A long silence ensued. It was broken by Collins, who said it was about bringing the community along with a vision, rather than just preaching at people with evidence. Beck agreed, saying good leadership would ‘bring groups together to make our city better and respect different needs.’
Brown pushed back on this: ‘Seville did listen to communities – but they also said doing nothing was not an option. I think we settle for doing nothing here.’
Do you support the Transport Emissions Reduction Pathway? Collins said yes, and ‘We want to do everything possible to reach those targets.’ Beck was cautious about whether it was feasible: ‘We have to be realistic about the actual targets.’
How do we make it safe for kids to bike to school? Finally reallocation of street space appeared. ‘Sharing the road’ to make protected space for cycling is the key, said Collins. He was adamant that paint is insufficient: ‘I’ve got a 9 year old daughter, I’d have to run alongside her to ensure [her safety] if it was just that kind of, painted space.’
Which overseas city would you consider a good model for Auckland’s future? Great question, interesting answers: Beck mentioned Paris – ‘I’ve been watching what they’ve been doing with interest’ – and cities in Holland and Scandinavia.
Collins nodded to Sāmoa, where ‘we all walk everywhere, everyone uses the bus, and only the very wealthy have cars’, and Melbourne for its trams, and walkable and bikeable areas which have proven benefits to business.
How do we act at pace, in a climate emergency? Brown asked: ‘At what point do we stop trying to bring everyone along?’ He pointed out that one small group had delayed bike infrastructure in his neighbourhood for six long years.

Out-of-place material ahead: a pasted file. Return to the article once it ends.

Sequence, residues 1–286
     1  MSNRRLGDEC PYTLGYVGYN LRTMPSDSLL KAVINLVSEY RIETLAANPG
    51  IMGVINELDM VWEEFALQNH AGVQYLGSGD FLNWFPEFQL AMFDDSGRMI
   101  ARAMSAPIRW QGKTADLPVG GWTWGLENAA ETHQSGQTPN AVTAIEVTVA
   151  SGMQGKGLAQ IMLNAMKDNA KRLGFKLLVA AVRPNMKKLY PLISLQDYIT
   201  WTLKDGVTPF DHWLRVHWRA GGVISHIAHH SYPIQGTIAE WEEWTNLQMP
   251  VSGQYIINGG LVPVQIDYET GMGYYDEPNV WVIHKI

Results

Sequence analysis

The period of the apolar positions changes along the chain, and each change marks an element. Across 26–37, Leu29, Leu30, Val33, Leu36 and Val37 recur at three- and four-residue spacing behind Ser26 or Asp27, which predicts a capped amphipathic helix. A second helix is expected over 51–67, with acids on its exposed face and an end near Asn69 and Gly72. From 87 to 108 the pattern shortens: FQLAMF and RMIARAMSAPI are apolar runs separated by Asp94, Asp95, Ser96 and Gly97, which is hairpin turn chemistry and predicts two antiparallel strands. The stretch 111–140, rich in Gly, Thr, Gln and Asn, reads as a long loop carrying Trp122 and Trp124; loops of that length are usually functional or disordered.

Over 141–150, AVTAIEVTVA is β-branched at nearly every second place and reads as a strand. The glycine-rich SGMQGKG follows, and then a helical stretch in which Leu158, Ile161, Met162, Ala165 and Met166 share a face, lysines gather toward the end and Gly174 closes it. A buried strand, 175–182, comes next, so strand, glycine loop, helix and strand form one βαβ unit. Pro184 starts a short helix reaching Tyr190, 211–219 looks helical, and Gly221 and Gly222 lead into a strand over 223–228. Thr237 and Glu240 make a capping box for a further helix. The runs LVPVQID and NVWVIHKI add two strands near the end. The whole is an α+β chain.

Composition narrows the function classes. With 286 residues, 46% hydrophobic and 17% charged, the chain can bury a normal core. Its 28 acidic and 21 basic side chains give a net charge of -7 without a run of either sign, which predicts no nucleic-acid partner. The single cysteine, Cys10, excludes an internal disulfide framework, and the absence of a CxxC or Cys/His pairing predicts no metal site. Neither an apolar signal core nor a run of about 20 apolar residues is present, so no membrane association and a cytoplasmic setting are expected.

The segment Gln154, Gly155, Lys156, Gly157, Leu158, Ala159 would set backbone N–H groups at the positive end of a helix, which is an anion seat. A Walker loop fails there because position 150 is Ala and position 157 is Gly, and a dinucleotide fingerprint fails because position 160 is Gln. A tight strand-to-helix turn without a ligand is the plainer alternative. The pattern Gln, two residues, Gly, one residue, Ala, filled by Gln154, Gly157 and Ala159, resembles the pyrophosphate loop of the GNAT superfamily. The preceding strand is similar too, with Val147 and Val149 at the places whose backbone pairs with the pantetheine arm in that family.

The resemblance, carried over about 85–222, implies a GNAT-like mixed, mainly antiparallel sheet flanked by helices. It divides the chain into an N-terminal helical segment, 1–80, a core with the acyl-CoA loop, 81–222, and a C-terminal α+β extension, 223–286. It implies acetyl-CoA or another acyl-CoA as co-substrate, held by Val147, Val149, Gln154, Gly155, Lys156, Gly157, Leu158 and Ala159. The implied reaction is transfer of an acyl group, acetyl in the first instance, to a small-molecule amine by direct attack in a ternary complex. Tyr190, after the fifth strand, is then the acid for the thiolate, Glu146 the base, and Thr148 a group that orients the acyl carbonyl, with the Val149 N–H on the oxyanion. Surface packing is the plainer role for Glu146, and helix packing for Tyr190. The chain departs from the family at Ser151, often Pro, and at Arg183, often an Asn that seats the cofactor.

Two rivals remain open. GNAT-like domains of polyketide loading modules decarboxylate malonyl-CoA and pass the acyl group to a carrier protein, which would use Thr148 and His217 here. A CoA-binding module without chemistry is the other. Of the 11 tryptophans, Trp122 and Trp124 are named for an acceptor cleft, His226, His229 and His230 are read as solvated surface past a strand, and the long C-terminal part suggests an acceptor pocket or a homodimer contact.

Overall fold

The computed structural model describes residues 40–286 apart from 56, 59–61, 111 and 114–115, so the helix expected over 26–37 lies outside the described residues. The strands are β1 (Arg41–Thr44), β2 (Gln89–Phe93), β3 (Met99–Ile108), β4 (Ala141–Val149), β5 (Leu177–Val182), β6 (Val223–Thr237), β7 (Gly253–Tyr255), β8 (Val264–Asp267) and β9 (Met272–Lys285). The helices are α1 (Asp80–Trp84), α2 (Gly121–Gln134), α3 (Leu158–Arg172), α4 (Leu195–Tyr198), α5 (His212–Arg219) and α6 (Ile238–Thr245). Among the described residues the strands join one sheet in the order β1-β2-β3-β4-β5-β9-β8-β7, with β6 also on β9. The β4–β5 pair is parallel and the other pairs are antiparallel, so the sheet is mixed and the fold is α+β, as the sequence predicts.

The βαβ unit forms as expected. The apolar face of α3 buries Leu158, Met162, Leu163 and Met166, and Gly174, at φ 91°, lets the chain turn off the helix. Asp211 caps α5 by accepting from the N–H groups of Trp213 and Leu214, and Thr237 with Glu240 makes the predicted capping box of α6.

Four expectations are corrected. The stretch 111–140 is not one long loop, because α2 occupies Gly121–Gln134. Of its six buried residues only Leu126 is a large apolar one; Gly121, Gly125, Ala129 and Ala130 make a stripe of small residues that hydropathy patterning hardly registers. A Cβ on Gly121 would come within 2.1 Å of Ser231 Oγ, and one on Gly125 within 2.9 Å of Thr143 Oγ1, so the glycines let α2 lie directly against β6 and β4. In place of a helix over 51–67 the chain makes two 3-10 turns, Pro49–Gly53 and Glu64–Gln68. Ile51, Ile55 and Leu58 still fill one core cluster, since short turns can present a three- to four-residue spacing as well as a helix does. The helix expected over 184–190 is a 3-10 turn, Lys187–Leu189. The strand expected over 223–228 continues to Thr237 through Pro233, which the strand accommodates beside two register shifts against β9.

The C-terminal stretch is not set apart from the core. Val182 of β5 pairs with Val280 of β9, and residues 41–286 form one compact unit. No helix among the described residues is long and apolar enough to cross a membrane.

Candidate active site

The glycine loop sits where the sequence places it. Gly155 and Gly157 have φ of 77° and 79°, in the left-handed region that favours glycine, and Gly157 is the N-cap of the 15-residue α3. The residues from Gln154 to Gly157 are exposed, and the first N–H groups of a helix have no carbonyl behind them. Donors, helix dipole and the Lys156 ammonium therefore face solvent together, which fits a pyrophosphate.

Beck raised the question of ‘feasibility’ again, adding that she prefers ‘a natural migration that works for people’, rather than telling people what to do.
Collins pointed to the need for good messengers, as well as good messages. He also underscored the need to lift voter participation beyond 36%, so we get a council that’s well-supported and ready to move, and doesn’t get stuck making only ‘small steps towards great ambitions.’
Do we need a culture change at Auckland Transport? As Brown put it, ‘Everyone hates AT, but everyone hates AT for different reasons.’ Both candidates pointed to the need for leadership; with Collins adding that he believes most civil servants are in the job to improve the city, so leadership has to ‘allow people to flourish and prosper and bring all their ideas.’
Open Streets/ ciclovias: can we have them, starting with Tamaki Drive one Sunday a month, say? The final question from the MC wistfully recalled that one time Karangahape Road was closed to traffic and open to people… which was over six years ago.
Surprisingly, neither candidate seized on this proven people-pleaser. Both steered towards a ‘yes, but’ – you guessed it: we need to bring the community along. (Have you met Open Streets events? They literally bring the community along!)
A bonus round of rapid-fire yes/ no questions was expertly delivered by Sahil, co-chair of Students of Urban Planning and Architecture. Well worth watching these clips (or you can pick up the YouTube broadcast at this point). We’ve summarised the answers in a handy chart below.
‘We’ve got to stop dragging two tons of metal around the corner to buy 3 kilos of groceries… we need to talk less about [cycle] superhighways, and more about how we get to the damn supermarket.’Quote of the night from MC Russell Brown, on the topic of where we need cycling infrastructure to go.
The session ended with a koha to thank the candidates for their time: a copy of Movement: How to Take Back our Streets and Transform our Lives and The Ideal City: Exploring Urban Futures. Both are essential reading for anyone looking to lead a city through this critical climate decade.
You can rewatch the full session on our YouTube channel here, and see our previous coverage of mayoral candidates here. There’s also a great write-up over at The Spinoff.
And above all, please vote, and encourage your friends and family to do so too!
PS A great thread of after-match reflections from Russell:
(Note from Bike Auckland: Russell states in this thread that Viv and Efeso were invited as the two most bike-friendly candidates. Our choice in inviting these two candidates was not to endorse them as the most bike-friendly candidates – there are other candidates who have bike-friendly stances as well and we encourage you to read this blog for more information on Mayoral candidates transport policy.)